Updated May 11, 2017.*
In a new report, EPI Director of Research Josh Bivens finds that state and local austerity has contributed enormously to the nation’s anemic pace of economic recovery and will have adverse consequences for long-run productivity growth in the future. While states do have to balance their budgets, Bivens offers clear economic evidence that this budget balancing should lean more toward progressive revenue increases and less on spending cuts. A high-investment state economic development agenda will provide payoffs in both near-term job creation as well as in long-run productivity growth, and even in long-run benefits to the state’s fiscal situation. Connecticut is among the states that would benefit from greater public investment and more progressive taxation.
Bivens recommends that states—including Connecticut—that need to fill budget gaps raise additional revenue progressively, both by raising top personal income tax rates as well as by closing loopholes in the business tax code. He also recommends that states increase, rather than cut, spending on public investment, K–12 education, and higher education to spur longer-term economic growth.
Since 2000, Connecticut has cut back on the share of inflation-adjusted resources devoted to crucial public investments and K–12 education. Connecticut, one of the wealthiest states in the nation, ranks 45th in state support for higher education, even though it is clear that increased investments in higher education would help the state’s fiscal situation over the long run. The fiscal year 2017 budget saw a $33.5 million decline in higher education spending. Overall, Connecticut taxes as a share of state personal income are lower than the national average.
“Connecticut has ample room to raise more revenue from its business sector,” said Bivens. “Connecticut relies less on business taxes for overall revenue than any other state in the nation.”
Bivens notes estimates that raising the top marginal tax rate by just 0.5 percentage points would boost state tax revenues by more than $200 million annually. Increases substantially larger than this would still leave Connecticut’s top tax rate below that of New Jersey and New York. Other steeply progressive revenue sources—such as joining a state compact with New York, New Jersey, and Massachusetts to close the carried interest loophole—would also raise significant amounts of revenue for Connecticut. Closing the carried interest loophole alone would likely raise $535 million. Finally, Bivens highlights the near-term job gains that would result if Connecticut instead pursued an ambitious investment agenda financed by more-progressive taxes.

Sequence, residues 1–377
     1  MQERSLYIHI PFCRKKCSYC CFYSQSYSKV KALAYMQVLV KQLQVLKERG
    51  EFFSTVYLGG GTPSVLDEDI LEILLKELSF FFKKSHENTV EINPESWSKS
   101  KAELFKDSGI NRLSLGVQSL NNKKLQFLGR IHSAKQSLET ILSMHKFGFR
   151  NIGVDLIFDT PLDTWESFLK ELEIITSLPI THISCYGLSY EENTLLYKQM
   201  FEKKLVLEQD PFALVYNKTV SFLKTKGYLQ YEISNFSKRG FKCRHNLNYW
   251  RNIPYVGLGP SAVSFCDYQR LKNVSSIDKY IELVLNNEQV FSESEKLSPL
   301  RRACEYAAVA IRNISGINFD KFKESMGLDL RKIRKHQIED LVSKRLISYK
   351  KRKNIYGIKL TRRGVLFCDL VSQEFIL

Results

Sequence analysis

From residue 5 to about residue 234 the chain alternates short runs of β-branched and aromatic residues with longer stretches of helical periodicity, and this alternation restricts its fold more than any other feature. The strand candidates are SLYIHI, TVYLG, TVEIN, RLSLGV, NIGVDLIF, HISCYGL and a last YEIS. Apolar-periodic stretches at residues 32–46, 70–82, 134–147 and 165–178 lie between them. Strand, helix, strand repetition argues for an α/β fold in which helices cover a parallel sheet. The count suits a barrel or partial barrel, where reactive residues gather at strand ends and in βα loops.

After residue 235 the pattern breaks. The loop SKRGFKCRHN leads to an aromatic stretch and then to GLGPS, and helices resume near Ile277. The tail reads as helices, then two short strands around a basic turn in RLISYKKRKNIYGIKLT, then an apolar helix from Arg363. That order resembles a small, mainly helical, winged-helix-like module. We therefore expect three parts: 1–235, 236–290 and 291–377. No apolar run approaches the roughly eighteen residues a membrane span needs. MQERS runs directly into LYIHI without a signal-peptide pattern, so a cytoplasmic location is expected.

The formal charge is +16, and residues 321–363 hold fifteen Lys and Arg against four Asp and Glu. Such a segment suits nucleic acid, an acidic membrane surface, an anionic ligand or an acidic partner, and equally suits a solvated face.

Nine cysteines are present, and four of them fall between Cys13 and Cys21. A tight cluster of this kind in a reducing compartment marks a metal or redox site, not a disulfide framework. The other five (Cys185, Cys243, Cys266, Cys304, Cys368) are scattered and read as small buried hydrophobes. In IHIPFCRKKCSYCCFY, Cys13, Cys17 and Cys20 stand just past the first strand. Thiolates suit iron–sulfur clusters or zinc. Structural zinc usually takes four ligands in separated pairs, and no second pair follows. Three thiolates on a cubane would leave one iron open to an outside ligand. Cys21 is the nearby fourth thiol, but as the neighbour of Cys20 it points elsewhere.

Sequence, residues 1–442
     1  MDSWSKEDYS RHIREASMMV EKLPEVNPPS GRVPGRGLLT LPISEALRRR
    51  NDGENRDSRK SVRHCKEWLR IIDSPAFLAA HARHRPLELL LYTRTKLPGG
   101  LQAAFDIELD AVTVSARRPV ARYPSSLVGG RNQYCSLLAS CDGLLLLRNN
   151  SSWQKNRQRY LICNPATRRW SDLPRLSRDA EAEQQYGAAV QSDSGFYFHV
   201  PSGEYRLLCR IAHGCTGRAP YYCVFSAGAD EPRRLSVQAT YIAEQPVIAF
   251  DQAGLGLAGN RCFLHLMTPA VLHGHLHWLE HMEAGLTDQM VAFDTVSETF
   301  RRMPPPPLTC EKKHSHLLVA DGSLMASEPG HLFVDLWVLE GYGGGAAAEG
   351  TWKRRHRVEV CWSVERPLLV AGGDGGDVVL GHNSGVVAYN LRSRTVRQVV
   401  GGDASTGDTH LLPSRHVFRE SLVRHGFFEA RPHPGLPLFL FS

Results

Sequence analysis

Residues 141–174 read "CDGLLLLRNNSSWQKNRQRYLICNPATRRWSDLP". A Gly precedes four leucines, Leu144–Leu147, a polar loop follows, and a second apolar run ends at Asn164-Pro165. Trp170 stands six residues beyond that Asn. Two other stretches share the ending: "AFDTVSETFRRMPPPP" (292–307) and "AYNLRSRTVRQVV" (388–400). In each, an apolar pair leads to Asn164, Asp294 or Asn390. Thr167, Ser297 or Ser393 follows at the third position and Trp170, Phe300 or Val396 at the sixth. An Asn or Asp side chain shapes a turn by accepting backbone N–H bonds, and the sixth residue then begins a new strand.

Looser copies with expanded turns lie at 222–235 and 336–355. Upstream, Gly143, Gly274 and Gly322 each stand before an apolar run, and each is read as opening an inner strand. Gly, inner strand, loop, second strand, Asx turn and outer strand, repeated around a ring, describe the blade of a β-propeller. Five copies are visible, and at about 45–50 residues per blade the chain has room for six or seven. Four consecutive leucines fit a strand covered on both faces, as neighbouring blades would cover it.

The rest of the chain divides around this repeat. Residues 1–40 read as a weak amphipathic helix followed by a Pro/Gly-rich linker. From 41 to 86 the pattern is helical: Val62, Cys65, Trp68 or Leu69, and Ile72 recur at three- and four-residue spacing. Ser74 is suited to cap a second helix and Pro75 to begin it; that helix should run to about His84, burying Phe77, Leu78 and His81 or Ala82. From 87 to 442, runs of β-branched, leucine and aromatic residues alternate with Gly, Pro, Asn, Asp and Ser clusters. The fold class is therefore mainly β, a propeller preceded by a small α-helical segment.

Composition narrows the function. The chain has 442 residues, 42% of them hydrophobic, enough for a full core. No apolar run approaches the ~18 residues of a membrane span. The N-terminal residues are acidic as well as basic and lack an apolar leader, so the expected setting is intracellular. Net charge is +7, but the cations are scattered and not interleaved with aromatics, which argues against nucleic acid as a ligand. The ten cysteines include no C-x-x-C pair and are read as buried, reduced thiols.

“If state spending were boosted by $2 billion annually in coming years, this could move the share of the state budget directed toward children close to the 40 percent target highlighted by Connecticut Voices for Children without cutting spending in other areas of the budget,” said Bivens, noting that this level of state spending, if financed by progressive revenue sources, would boost economic output in the state by roughly $2.2 billion and would boost the number of jobs statewide by 150,000 in the coming years.
In the longer run, Connecticut can help to stabilize state spending over the business cycle by broadening the base of the state sales tax, including sales tax collections on Internet sales, and by instituting rules that protect the Budget Reserve Fund from opportunistic tax-cutting during times of relatively prosperity and high tax collections.
“Fears that raising revenue from high-income households will lead to massive out-of-state migration are hugely overblown and are not supported by the highest-quality and most up-to-date economic research,” said Bivens. “The evidence that corporate rate cuts will appreciably spur growth is weak, while the evidence that cutting spending will damage growth is strong.”
*This updated press release reflects a May 11 correction to the report regarding the decline in Connecticut’s support for higher education. The fiscal 2017 budget saw a $33.5 million decline, not a $33.5 billion decline, in higher education spending.